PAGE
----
I'm not sure if you're aware of this, but wireless gaming headsets are starting to kick some serious ass. And perhaps none more than the just-announced SteelSeries Arctis Pro.
Last January, I triedI had to hop into a car before it would disconnect. This January, I found , with so much battery life, I could literally use it all day.
But neither of those are the SteelSeries Arctis Pro Wireless, which I've been quietly enjoying for the past few weeks. Utter lack of Xbox support aside -- they're for PS4 and PC -- they might be the best wireless gaming headphones ever made.
They sounds fantastic, looks great, fit like no pair of headphones you've likely ever worn before, connect to practically anything with their lossless 2.4GHz wireless hub and built-in Bluetooth radio, and -- get this -- come with a second swappable spare battery that's always charged and ready to go.
"Now wait a minute, Sean," you're thinking. "Isn't this just a hybrid of the SteelSeries Arctis 7 and the Siberia 840?" Why yes it is, person who follows a Danish gaming peripheral company way too closely. (You do you.)
But unlike either of those award-winning headsets, the new SteelSeries Arctis Pro and Arctis Pro Wireless -- yes, I just casually admitted there's a wired version too -- actually sound amazing, as well.
I wasn't a huge fan of the Arctis 7 and Siberia 840's audio quality. They're fine, fairly clear, but they don't sound particularly rich and there's not a lot of bass. The new Arctis Pro Wireless, however, sound better than practically any wireless gaming headset on the market. And I've tried them all.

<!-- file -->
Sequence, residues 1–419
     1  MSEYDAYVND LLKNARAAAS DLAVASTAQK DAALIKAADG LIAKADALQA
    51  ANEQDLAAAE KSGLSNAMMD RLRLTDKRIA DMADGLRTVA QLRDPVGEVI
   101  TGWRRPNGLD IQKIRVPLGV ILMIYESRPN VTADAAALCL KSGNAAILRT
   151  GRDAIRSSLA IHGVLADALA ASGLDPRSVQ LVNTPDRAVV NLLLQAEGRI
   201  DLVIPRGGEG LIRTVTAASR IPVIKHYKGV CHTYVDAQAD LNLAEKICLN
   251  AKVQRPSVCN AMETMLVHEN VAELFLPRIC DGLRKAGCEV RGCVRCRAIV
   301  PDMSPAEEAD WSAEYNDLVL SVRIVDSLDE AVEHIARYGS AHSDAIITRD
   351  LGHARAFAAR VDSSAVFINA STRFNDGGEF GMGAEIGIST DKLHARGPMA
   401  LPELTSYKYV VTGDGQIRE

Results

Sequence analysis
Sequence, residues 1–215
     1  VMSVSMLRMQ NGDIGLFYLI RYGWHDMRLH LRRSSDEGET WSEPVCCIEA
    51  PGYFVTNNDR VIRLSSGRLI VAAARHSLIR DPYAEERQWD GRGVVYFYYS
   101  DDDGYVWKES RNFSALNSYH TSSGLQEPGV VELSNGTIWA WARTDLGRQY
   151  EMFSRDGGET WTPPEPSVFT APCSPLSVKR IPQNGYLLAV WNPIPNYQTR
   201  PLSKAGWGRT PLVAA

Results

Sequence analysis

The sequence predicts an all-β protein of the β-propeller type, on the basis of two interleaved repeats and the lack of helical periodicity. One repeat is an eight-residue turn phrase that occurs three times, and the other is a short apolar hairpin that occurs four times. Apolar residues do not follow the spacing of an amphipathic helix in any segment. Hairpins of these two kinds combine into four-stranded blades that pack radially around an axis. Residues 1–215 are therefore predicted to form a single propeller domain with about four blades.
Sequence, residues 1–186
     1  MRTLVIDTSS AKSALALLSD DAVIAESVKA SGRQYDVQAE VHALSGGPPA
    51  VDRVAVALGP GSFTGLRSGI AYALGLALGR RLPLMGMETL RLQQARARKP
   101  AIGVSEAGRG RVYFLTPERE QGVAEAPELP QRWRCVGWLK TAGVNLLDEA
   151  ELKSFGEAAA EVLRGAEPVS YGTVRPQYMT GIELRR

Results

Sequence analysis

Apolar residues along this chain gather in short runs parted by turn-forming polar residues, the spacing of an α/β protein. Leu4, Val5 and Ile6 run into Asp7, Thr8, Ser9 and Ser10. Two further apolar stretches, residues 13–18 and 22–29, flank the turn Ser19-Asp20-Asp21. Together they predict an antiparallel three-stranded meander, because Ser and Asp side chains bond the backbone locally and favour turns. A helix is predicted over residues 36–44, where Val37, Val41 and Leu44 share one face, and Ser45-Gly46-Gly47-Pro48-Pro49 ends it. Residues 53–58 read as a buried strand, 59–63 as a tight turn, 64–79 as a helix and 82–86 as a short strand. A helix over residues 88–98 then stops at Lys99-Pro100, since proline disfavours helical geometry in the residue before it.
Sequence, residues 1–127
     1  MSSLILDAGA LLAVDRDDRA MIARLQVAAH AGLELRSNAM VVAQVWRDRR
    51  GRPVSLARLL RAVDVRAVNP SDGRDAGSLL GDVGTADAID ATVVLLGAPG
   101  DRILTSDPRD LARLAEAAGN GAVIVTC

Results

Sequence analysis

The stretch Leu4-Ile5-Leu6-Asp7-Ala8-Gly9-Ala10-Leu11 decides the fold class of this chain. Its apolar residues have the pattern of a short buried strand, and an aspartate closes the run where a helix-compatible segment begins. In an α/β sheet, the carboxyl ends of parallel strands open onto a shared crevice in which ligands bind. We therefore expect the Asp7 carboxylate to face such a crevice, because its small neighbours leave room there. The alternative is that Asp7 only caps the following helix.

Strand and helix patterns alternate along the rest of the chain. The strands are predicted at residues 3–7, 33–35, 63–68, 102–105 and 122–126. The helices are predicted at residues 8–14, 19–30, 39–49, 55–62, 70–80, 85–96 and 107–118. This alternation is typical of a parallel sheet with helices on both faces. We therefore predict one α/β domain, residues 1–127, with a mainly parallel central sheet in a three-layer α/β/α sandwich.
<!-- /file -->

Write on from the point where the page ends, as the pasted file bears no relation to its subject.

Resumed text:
"These are by far the most expensive, premium drivers we've ever put into a headset," SteelSeries audio boss Brian Fallon tells me.
And that's just the wireless version. The wired Arctis Pro has a version with its own dedicated Hi-Res Audio certified miniature USB amp, which includes a 96KHz/24-bit ESS Sabre 9018 DAC (digital-to-audio converter) chip. If you're not familiar with the ESS Sabre, let's just say.
In my early testing, the amped-up version sounds notably clearer than the wireless version's already-remarkable-for-gaming-headsets sound -- even though the headphone parts are largely identical.
Plus, unlike most gaming headsets, each of the Arctis Pros' hubs have a built-in OLED screen and large, tactile knob so you can dial in settings to your liking, including the mix between game and audio chat (you get two distinct audio devices on PC) and individual equalizer levels. The wireless version even lets you do all that from across the room.
What I'm saying here, in a nutshell, is that I wish the Arctis Pro Wireless didn't cost $330, £300 or AU$350, because I'd probably buy one myself -- even though I'm not done running all my tests. I can't say they're the best yet.
You should be able to find the wired Arctis Pro today for a slightly more reasonable $250, £250 or AU$280 with the DAC, or $180, £180 or AU$200 without. I will leave you with the company's handy comparison chart if you want to check them out.